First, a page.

The Greeks were one of the most progressive ancient civilizations, but that wasn't true in how they treated women. This lesson goes over facts about how women were treated and explains how the best place to be a woman in Greece was Sparta.
10. Ancient Greek Art, Pottery and Sculpture
A survey of the transitions in Greek art, with special emphasis placed on the importance of materials and technique. This lecture explores Greek pottery styles from geometric to Orientalizing to black- and red-figure vases. It then turns to sculpture from Archaic styles to realism to idealism. Slides are shown throughout to get students familiar with these Greek styles.
11. Ancient Greek Architecture: Dorian, Ionic & Corinthian
This lecture discusses Greek architecture and its legacy. Enjoy our exploration of Greek columns, temples, stadiums, treasuries and theaters, and see why the Greeks might have reached the pinnacle of architectural achievement.
12. The Birth of Philosophy: The Presocratics
This lecture covers the advent of philosophy. It first differentiates philosophy from religion, drawing parallels to modern science. It then establishes the basic questions of Presocratic philosophy: What is matter? and What causes change? The rest of the lecture demonstrates how these questions developed as they were tackled by generations of Presocratic philosophers. Finally, it makes plain our incredible debt to the Presocratics.
13. Phalanx Warfare in Ancient Greece
This lecture compares phalanx warfare to its hit-and-run predecessors, drawing distinctions between hit-and-run skirmishing and decisive warfare. It examines the cultural, political, and geographical features of Greece that made phalanx warfare possible and necessary, and it describes the hoplite gear and mentality.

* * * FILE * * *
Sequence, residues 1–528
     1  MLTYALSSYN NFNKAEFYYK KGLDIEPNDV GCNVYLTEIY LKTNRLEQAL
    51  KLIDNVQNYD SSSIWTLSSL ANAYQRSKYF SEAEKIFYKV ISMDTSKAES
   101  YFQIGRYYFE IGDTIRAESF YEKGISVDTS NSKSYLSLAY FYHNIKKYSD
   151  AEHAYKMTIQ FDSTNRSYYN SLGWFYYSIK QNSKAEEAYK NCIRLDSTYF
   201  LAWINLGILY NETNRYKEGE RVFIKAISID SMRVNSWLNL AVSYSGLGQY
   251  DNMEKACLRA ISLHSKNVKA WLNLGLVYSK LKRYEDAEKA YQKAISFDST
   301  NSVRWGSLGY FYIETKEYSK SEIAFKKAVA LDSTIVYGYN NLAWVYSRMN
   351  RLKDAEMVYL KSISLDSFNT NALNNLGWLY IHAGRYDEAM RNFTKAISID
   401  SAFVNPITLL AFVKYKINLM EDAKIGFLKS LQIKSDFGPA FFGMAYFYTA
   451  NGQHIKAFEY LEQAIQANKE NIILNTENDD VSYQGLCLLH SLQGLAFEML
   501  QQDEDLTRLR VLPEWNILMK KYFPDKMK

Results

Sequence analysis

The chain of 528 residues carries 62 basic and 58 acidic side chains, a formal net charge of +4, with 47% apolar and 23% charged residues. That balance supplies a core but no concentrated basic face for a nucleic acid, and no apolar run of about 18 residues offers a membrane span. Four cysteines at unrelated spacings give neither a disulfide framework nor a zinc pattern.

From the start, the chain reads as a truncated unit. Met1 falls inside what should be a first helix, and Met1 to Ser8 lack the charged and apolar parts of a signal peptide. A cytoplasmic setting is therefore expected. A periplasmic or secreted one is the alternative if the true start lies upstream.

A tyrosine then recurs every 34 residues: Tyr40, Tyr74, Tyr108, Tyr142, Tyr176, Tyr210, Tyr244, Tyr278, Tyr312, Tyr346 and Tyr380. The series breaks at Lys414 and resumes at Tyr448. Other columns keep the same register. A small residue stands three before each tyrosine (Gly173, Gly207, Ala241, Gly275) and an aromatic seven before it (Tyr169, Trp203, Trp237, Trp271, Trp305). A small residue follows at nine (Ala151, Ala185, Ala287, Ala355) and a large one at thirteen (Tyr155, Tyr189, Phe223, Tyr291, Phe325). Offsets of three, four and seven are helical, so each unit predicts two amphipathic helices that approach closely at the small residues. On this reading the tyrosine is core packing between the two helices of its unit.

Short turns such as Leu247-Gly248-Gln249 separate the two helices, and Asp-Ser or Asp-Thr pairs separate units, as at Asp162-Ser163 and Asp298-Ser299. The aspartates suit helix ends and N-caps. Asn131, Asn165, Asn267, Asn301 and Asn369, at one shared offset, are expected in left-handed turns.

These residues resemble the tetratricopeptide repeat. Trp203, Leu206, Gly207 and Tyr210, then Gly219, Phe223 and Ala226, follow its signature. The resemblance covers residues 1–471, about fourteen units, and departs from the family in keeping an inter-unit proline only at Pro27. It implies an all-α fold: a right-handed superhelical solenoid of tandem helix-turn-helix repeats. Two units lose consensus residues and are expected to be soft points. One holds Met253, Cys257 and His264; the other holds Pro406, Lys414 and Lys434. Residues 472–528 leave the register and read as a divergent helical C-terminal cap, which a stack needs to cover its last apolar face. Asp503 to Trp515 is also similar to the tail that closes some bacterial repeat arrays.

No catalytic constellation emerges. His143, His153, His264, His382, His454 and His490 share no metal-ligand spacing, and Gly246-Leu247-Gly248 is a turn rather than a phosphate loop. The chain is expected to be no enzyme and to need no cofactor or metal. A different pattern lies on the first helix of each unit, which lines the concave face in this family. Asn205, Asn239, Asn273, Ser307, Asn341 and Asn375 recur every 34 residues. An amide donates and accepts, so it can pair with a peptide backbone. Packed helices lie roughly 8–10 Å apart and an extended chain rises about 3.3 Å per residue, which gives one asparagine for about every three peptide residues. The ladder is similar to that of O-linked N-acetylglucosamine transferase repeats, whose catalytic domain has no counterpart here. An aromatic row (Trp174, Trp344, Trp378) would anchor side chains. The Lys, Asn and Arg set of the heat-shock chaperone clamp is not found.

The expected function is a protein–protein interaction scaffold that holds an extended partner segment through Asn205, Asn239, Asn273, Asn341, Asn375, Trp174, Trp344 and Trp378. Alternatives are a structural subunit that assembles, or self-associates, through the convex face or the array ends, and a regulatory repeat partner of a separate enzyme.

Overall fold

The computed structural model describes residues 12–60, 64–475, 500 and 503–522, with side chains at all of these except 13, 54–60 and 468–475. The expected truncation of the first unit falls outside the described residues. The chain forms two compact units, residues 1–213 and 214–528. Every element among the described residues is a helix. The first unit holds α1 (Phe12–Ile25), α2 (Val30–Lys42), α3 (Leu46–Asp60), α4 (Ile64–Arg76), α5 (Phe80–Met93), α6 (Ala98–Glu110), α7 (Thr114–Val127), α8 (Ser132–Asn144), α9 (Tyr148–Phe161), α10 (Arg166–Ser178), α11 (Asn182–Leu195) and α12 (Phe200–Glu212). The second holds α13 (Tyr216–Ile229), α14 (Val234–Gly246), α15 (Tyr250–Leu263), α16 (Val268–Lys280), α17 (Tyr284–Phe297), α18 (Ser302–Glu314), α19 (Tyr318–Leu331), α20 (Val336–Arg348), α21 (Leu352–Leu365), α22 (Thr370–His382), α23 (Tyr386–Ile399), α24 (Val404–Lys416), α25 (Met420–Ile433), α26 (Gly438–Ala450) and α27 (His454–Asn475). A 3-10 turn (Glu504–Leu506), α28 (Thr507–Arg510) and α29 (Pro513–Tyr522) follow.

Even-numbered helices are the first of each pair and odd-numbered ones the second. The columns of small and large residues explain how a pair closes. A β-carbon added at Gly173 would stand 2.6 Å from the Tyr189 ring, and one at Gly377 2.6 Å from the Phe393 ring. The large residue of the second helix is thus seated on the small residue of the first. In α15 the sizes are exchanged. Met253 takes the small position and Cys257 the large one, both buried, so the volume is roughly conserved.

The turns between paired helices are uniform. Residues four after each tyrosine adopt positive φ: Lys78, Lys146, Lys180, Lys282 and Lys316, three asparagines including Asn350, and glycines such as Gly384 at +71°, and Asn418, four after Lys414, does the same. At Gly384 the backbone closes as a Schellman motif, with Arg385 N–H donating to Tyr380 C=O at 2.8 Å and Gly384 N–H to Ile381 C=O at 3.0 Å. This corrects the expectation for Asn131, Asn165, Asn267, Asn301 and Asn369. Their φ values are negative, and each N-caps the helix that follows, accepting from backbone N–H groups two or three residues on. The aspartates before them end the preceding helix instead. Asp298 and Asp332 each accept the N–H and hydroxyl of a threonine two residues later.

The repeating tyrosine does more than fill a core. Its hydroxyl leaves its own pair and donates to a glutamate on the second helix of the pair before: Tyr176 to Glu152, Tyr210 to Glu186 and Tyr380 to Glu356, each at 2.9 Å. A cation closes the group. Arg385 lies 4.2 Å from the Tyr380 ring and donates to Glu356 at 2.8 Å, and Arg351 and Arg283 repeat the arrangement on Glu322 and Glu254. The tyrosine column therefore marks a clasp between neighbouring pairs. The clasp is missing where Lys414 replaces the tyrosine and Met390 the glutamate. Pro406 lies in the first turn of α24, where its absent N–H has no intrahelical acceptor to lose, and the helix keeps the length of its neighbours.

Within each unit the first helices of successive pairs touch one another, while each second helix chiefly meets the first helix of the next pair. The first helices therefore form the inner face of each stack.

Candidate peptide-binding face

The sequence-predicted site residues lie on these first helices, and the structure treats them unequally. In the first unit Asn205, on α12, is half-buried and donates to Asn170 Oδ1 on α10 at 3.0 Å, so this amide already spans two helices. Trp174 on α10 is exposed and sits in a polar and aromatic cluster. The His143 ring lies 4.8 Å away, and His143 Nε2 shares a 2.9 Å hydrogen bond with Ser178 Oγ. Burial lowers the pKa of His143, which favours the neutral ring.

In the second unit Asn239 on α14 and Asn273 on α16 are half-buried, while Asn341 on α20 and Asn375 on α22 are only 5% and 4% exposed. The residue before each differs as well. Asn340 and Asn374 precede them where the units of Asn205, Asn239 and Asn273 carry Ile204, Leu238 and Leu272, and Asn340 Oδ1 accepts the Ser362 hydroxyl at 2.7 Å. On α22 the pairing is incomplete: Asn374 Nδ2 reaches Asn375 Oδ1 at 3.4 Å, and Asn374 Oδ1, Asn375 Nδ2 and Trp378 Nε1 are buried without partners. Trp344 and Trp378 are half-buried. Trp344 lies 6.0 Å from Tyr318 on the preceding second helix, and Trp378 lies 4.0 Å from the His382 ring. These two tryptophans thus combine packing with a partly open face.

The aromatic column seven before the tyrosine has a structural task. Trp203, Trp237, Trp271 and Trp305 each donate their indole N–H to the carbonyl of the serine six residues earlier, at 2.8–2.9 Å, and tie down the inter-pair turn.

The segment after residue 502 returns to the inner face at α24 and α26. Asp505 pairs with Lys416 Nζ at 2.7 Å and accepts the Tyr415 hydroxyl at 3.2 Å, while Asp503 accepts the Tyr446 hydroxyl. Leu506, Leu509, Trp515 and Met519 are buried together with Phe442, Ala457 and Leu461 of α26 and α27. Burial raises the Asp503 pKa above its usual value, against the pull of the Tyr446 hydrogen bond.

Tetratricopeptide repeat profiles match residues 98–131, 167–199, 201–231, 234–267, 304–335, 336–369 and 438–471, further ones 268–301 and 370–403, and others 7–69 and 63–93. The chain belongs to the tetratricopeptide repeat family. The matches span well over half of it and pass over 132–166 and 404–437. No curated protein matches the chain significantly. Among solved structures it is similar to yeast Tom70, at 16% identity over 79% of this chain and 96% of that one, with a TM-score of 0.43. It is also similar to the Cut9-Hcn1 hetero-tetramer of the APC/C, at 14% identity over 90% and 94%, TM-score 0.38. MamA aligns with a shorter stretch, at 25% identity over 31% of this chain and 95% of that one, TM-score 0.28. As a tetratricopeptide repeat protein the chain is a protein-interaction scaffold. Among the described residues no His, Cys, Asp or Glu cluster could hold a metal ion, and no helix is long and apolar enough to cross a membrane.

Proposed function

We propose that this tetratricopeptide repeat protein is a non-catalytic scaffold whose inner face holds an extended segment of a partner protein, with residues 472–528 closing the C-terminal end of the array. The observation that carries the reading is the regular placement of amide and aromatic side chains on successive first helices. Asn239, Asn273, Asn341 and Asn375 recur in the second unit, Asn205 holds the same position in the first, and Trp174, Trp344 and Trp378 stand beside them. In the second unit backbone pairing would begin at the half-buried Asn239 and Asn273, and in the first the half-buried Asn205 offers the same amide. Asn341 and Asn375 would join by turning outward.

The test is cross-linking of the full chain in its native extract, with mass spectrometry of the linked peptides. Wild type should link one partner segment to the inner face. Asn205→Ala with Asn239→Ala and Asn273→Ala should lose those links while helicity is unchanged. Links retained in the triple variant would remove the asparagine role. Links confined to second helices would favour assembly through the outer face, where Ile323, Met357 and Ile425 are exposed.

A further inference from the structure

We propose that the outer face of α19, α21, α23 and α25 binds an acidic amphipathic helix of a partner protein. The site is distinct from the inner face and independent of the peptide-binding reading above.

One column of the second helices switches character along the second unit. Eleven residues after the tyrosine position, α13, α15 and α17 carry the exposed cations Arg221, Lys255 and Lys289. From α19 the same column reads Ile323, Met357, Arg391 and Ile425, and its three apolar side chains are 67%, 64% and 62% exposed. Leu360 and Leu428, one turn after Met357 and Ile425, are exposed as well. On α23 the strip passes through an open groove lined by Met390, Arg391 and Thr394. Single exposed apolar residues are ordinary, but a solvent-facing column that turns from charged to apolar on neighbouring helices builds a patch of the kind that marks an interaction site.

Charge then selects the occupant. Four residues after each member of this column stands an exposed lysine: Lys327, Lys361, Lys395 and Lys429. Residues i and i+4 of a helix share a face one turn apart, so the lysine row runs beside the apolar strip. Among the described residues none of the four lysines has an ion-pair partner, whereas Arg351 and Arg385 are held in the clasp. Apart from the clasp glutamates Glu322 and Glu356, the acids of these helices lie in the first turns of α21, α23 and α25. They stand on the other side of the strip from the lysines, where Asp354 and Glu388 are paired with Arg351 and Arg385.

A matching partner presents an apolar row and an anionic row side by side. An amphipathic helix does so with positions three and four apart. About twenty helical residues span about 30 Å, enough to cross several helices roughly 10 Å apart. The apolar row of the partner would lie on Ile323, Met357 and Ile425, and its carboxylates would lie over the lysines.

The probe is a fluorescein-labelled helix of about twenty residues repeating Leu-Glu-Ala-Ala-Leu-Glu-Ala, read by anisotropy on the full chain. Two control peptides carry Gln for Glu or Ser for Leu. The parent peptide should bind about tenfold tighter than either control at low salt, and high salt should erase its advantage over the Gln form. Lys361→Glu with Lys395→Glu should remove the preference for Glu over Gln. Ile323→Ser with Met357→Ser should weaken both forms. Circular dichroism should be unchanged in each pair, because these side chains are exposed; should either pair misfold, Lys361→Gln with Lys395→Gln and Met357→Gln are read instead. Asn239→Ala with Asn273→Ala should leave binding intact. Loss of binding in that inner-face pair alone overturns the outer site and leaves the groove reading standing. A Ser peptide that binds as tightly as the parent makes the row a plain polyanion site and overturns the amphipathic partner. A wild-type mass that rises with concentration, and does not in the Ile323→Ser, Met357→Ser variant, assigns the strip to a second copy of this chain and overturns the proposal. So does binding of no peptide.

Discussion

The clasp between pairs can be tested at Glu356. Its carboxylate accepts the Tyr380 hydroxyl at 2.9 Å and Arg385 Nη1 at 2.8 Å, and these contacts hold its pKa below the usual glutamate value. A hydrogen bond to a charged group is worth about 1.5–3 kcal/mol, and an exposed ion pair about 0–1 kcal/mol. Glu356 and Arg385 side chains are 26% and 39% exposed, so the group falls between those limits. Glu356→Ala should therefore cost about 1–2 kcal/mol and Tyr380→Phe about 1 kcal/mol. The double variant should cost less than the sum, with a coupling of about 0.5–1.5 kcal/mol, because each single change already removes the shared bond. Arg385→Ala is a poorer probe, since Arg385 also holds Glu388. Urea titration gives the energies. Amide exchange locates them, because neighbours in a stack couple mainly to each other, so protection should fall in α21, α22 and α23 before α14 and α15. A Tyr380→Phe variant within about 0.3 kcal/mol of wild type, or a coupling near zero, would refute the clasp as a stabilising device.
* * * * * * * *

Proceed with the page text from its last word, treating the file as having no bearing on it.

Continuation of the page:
14. History of Sparta
In this lesson, you'll examine forces that shaped a Spartan society of elite warriors. We'll also explore the stratified caste system created by Lycurgus.
15. Birth of History: Herodotus' Persian War
This lecture begins with Herodotus' special place in history. It then looks at the miracle at Marathon and seeks to explain how it happened by comparing phalanx warfare to Persian warfare. Following that, we'll run through a brief summary of the rest of the war, with special attention drawn to Greek triremes.
16. Slavery in Ancient Greece
This lesson explores slavery in ancient Greece. We examine the various forms slavery took in Greece, comparing Spartan serfdom to Athenian chattel slavery. Finally, we enumerate the duties and rights of Athenian slaves.
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Other chapters within the High School World History: Homeschool Curriculum course
- Foundational Concepts of World History: Homeschool Curriculum
- Geography - Topography: Homeschool Curriculum
- World Religions & Belief Systems: Homeschool Curriculum
- World History - Early Civilizations: Homeschool Curriculum
- Ancient Civilizations - Near East: Homeschool Curriculum
- Ancient Civilizations - China: Homeschool Curriculum
- Ancient Civilizations - India: Homeschool Curriculum
- Hellenism and Athenian Achievement: Homeschool Curriculum
- The Rise of the Roman Republic: Homeschool Curriculum
- History of the Fall of Rome: Homeschool Curriculum
- The Founding of Christianity: Homeschool Curriculum
- The Eastern Mediterranean: Homeschool Curriculum
- Introduction to the Dark Ages: Homeschool Curriculum
- African History: Homeschool Curriculum
- The Early Middle Ages: Homeschool Curriculum
- The Medieval Warm Period: Homeschool Curriculum
- The High Middle Ages: Homeschool Curriculum
- Asian History (1000-1300 CE): Homeschool Curriculum
- Pre-European Civilizations in North America: Homeschool Curriculum
- Dynastic Empires of Eurasia: Homeschool Curriculum
- The Late Middle Ages: Homeschool Curriculum
- The Renaissance Era: Homeschool Curriculum
- The Age of Exploration: Homeschool Curriculum
- The Reformation Across Europe: Homeschool Curriculum
- The Elizabethan Era: Homeschool Curriculum
- Colonialism: Homeschool Curriculum
- The Enlightenment & World Revolutions: Homeschool Curriculum
- World War I: Homeschool Curriculum
- Between the World Wars: Homeschool Curriculum
- World War II: Homeschool Curriculum
- The Cold War: Homeschool Curriculum
- Post War Europe, Asia, Middle East & Africa: Homeschool Curriculum
- Latin America Since 1900: Homeschool Curriculum
- The 21st Century: Homeschool Curriculum